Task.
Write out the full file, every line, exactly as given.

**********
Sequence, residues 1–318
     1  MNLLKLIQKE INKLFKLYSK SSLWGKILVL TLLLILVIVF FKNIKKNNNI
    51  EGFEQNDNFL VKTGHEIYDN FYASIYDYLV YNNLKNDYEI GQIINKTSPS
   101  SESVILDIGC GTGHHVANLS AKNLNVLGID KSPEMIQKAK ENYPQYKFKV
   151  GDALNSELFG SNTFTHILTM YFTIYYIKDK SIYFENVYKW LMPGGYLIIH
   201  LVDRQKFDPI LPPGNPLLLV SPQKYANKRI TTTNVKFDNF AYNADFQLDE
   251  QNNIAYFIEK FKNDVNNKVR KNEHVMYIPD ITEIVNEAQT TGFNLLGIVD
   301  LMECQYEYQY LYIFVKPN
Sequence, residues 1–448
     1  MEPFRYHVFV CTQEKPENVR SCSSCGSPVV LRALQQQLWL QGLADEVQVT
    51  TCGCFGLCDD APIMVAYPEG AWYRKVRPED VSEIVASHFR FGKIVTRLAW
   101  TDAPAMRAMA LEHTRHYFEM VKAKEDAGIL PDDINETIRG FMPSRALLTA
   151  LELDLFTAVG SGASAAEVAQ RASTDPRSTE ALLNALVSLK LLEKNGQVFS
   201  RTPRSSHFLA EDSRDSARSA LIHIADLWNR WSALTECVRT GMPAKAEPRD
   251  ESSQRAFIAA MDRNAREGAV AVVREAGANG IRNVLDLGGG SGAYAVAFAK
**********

Sequence, residues 1–318
     1  MNLLKLIQKE INKLFKLYSK SSLWGKILVL TLLLILVIVF FKNIKKNNNI
    51  EGFEQNDNFL VKTGHEIYDN FYASIYDYLV YNNLKNDYEI GQIINKTSPS
   101  SESVILDIGC GTGHHVANLS AKNLNVLGID KSPEMIQKAK ENYPQYKFKV
   151  GDALNSELFG SNTFTHILTM YFTIYYIKDK SIYFENVYKW LMPGGYLIIH
   201  LVDRQKFDPI LPPGNPLLLV SPQKYANKRI TTTNVKFDNF AYNADFQLDE
   251  QNNIAYFIEK FKNDVNNKVR KNEHVMYIPD ITEIVNEAQT TGFNLLGIVD
   301  LMECQYEYQY LYIFVKPN
Sequence, residues 1–448
     1  MEPFRYHVFV CTQEKPENVR SCSSCGSPVV LRALQQQLWL QGLADEVQVT
    51  TCGCFGLCDD APIMVAYPEG AWYRKVRPED VSEIVASHFR FGKIVTRLAW
   101  TDAPAMRAMA LEHTRHYFEM VKAKEDAGIL PDDINETIRG FMPSRALLTA
   151  LELDLFTAVG SGASAAEVAQ RASTDPRSTE ALLNALVSLK LLEKNGQVFS
   201  RTPRSSHFLA EDSRDSARSA LIHIADLWNR WSALTECVRT GMPAKAEPRD
   251  ESSQRAFIAA MDRNAREGAV AVVREAGANG IRNVLDLGGG SGAYAVAFAK